The game juggles control between two new characters: Rhys, a Hyperion lackey perpetually encaged in corporate politics, and Fiona, a con artist living down in the sticks on Pandora. Rhys and his friend Vaughn get the idea to purchase a Vault Key using embezzled funds, but the deal winds up being a sting staged by Fiona and her sister Sasha. The situation goes south for everyone involved, but the two protagonists unwittingly become partners when they catch wind of an Atlas project that their common enemies want dibs on. Also, Rhys is haunted by the ghost of dead series villain Handsome Jack, here manifesting as an AI construct trapped in Rhys's cybernetics.

Tales from the Borderlands: A Telltale Game Series (PC) image

I know that comedy-themed space opera isn't exactly a recent invention, but Tales invites some pretty strong comparisons to Guardians of the Galaxy, not in the least because it's got a terrific licensed soundtrack, or because one of the characters gets confused by the word "metaphor." Both stories are about good-hearted people made criminal by the harsh circumstances in which they thrive. Rhys, in particular, is a surprisingly sympathetic character. What member of the middle class hasn't wanted to steal ten million dollars from the company that they work for and make the getaway in their boss's car?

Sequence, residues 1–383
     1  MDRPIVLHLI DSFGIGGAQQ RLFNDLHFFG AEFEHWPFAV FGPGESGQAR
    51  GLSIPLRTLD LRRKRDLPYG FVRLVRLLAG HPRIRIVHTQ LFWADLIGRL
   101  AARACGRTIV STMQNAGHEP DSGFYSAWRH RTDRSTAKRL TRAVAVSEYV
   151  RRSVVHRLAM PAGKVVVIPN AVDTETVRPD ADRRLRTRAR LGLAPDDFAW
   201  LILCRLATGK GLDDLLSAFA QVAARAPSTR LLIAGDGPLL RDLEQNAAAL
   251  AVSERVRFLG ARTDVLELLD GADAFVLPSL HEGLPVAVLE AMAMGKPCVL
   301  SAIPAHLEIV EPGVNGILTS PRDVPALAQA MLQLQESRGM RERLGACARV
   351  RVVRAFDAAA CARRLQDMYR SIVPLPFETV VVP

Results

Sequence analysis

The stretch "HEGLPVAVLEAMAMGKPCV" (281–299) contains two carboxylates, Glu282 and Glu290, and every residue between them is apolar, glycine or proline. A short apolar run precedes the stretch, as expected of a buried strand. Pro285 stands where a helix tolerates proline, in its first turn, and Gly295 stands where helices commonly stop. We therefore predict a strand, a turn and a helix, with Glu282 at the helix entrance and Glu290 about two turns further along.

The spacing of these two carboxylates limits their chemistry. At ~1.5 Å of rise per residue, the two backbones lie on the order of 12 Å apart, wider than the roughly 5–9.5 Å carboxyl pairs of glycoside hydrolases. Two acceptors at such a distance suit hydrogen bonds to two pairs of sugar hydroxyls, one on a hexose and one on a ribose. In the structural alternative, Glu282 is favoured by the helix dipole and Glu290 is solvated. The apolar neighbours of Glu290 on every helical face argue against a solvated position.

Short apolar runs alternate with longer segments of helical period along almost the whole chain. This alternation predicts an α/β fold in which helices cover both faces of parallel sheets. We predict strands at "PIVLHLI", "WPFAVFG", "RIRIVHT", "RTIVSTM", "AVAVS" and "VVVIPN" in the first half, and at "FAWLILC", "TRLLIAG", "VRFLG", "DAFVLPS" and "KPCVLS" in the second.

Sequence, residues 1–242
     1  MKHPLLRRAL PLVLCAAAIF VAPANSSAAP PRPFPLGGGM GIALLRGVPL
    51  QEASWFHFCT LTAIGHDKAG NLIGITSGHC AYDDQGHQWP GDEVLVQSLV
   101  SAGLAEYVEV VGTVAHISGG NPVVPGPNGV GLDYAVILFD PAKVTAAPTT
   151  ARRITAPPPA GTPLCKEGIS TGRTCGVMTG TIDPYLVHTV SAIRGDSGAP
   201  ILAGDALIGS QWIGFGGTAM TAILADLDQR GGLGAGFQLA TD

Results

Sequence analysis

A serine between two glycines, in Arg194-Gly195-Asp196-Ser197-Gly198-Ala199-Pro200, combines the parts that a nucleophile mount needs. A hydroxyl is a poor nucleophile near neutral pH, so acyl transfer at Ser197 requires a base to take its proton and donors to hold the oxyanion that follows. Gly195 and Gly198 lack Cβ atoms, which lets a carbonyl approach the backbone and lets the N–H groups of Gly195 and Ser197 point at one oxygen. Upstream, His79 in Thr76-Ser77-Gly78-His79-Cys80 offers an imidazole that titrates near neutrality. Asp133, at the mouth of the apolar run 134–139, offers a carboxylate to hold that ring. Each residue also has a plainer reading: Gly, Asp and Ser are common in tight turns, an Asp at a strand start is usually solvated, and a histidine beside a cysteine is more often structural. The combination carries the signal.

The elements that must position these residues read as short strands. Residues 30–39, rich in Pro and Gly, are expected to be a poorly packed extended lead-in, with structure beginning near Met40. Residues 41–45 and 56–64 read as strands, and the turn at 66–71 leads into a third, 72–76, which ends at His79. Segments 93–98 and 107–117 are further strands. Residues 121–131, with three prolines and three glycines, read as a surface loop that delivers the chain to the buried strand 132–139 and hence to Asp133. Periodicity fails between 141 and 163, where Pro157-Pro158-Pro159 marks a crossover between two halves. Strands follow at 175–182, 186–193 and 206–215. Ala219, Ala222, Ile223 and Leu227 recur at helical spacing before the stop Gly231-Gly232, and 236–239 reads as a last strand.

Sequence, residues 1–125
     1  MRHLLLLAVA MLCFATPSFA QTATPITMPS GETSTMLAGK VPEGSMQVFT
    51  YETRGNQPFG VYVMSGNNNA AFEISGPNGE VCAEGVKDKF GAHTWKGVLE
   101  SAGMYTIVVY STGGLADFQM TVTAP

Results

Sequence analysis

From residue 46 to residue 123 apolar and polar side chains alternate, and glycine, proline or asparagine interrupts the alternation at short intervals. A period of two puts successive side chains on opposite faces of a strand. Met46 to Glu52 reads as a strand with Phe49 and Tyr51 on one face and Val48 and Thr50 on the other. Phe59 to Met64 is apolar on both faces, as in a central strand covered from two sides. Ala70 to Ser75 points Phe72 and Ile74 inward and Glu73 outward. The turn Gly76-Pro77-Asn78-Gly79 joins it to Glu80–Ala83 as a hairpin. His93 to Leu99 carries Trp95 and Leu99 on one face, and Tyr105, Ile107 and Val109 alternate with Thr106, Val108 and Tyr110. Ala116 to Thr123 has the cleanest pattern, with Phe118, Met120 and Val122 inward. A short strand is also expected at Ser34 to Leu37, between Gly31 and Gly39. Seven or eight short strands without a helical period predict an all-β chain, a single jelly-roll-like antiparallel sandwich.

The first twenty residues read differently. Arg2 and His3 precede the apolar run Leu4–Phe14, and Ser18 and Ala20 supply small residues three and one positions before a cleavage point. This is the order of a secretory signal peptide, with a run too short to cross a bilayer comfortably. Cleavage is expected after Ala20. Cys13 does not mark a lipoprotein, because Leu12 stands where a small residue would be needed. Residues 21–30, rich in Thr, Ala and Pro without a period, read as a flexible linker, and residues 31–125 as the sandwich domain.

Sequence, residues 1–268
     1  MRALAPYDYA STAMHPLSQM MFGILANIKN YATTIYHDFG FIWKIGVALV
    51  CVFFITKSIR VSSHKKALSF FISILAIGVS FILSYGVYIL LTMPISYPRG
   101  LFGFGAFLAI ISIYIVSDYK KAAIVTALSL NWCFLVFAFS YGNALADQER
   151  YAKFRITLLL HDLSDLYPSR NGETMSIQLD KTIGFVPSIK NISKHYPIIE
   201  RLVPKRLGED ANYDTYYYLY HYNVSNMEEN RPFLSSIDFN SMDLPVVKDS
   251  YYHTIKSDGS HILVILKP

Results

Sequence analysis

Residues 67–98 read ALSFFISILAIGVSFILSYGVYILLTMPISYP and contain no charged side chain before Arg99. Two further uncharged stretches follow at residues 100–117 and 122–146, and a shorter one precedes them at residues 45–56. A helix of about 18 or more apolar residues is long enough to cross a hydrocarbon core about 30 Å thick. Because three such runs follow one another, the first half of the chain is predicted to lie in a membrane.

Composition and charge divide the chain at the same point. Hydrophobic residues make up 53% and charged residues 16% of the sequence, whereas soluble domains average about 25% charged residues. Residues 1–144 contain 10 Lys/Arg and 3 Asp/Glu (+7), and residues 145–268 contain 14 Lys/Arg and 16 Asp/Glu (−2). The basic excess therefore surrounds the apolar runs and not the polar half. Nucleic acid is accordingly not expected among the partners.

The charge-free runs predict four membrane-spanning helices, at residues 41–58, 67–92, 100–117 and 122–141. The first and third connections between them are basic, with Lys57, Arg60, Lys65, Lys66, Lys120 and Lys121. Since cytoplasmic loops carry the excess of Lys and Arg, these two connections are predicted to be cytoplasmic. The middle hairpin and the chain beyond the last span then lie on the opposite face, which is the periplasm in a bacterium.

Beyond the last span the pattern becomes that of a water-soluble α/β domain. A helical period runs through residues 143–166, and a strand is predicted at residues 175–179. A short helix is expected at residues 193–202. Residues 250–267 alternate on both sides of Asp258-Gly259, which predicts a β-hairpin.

So while this is perhaps the first Telltale release I've played that doesn't confront players with deep-seated questions about the necessity and consequences of violence, well, it finds ways to ring true regardless. Borderlands is full of wild caricatures and overblown sitatuations, but the four people at the heart of Tales are among the most well-rounded and believable in any game I've played this year – relatably self-serving, but also vulnerable, out of their depth and (this is the big one) desperate for someone to trust. These characters don't learn to work together simply because the plot requires them to; they actually need friendships.